- The 5-minute rule. If you can do it in less than 5 minutes, do it. Don’t half do it, then come back to it later. For example, if you’re processing email and you can clear it off, do it. It will take you longer to pick up your train of thoughts next time to revisit it than it would to complete it now. And that’s a waste of time!
- Use early mornings to strengthen your mind and body. Most high achievers don’t get up and dive into work. They use the first hour of the day to strengthen the mind (learning) and body (exercise) before doing anything else. Exercise has been scientifically proven to improve mental health, but more on that in another post.
- Productivity is about energy and focus. Techniques such as the Pomodoro technique emphasis the sprint-and-relax approach to working. These techniques advocate our brains are designed for short sprints – not marathons – so you should take regular breaks (for example every hour) even if you come back to the same task. A couple of minutes stretching or some fresh air can do wonders for your energy and focus.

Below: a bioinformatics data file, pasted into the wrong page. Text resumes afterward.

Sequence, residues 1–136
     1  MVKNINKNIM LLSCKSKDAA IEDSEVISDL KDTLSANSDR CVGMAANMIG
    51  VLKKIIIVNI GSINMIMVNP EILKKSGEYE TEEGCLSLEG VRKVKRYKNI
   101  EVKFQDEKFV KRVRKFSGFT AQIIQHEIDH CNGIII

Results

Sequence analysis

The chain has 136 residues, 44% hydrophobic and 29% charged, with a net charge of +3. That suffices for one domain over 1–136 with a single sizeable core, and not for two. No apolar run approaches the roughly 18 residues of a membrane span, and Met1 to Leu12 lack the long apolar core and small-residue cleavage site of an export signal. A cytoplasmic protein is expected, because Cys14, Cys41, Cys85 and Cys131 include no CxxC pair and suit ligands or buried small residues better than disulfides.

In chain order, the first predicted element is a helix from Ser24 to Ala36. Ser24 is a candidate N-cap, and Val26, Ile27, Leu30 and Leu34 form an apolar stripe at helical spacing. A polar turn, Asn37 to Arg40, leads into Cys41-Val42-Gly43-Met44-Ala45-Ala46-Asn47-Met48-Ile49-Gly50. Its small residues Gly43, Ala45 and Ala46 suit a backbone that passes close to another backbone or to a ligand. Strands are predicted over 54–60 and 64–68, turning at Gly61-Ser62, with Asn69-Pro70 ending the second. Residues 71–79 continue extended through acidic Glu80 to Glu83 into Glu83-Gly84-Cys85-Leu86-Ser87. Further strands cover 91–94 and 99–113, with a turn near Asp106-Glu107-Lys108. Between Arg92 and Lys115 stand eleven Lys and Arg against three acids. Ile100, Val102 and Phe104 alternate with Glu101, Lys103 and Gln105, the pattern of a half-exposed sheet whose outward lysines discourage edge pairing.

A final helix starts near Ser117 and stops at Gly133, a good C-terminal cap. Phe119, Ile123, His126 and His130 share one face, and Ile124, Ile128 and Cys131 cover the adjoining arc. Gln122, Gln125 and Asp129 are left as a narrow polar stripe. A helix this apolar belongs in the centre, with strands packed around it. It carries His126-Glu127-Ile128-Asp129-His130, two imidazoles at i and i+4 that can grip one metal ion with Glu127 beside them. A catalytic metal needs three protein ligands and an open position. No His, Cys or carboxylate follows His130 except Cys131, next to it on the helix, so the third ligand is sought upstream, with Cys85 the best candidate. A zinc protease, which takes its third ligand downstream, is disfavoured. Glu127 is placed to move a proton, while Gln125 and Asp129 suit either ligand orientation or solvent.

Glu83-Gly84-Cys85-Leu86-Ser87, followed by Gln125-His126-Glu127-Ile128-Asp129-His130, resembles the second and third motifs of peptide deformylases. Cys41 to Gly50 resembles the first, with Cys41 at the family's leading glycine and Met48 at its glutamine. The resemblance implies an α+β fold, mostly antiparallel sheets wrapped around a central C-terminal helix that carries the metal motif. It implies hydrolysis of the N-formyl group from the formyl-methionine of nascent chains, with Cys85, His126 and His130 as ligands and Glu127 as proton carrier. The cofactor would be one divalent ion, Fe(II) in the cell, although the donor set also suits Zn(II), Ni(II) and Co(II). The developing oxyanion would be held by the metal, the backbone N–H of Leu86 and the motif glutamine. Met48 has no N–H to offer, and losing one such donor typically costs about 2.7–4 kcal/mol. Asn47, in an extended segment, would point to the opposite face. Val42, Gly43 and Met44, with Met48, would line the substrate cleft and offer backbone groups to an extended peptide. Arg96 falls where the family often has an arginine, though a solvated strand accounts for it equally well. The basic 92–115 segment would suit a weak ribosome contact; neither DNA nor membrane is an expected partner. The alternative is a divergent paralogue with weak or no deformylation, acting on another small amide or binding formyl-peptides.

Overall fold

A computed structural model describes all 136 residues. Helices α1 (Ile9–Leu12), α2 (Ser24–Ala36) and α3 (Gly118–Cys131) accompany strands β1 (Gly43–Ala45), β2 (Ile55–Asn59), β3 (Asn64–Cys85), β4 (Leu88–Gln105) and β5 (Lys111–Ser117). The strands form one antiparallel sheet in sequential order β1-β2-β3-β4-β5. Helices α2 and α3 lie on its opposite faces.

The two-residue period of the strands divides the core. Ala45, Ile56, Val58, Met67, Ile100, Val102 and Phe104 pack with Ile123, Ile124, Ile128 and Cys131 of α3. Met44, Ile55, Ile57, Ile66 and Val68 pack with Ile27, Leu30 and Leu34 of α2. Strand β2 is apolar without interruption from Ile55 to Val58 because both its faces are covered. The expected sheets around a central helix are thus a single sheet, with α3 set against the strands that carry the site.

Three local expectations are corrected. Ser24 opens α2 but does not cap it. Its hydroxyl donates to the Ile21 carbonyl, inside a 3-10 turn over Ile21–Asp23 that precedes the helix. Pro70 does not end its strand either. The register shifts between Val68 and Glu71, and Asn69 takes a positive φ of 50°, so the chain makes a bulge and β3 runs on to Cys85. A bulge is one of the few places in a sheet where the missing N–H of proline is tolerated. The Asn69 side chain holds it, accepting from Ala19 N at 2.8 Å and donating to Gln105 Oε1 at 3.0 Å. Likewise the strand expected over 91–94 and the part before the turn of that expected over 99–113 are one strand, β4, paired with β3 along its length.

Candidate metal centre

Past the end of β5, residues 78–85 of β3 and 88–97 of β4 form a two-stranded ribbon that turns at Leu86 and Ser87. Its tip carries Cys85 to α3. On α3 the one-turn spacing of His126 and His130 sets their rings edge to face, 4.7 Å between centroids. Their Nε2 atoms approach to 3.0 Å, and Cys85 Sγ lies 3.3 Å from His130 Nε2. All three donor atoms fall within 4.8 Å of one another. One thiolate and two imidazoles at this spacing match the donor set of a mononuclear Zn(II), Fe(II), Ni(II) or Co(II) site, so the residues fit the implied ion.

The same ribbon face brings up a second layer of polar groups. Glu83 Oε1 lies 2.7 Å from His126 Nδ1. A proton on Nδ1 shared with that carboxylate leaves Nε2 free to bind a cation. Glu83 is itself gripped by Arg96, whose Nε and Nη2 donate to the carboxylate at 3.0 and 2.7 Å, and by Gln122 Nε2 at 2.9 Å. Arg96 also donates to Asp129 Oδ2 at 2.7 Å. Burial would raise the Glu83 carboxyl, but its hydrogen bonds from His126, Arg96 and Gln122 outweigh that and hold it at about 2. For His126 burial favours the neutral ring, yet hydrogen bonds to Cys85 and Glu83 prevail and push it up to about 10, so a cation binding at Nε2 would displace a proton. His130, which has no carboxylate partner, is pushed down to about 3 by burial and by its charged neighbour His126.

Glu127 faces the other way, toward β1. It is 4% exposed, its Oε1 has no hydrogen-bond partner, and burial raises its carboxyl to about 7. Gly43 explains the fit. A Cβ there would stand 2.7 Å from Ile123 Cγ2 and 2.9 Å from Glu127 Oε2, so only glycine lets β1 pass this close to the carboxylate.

Item 9 on this list pervades a lot of our lives. In my teenage years, I experienced the literal effects of carrying other people’s tasks. During my Bronze Duke of Edinburgh award, my ‘teammates’ claimed their packs were too heavy and, since mine looked lighter, could I carry their few tins, stoves, etc. Each one didn’t seem like much and I was happy to please.
The end result was that my pack was 20Kg heavier than everybody else’s and far over what it should have been. Our mentors noticed this when I staggered back into camp after the hike and disciplined the others in the team. I learned in a very physical way that taking on other people’s tasks is a sure way to weigh your own progress down.
Next week I will outline my time management framework which embodies a number of these principles into a flexible yet inclusive system to help you get the right things done.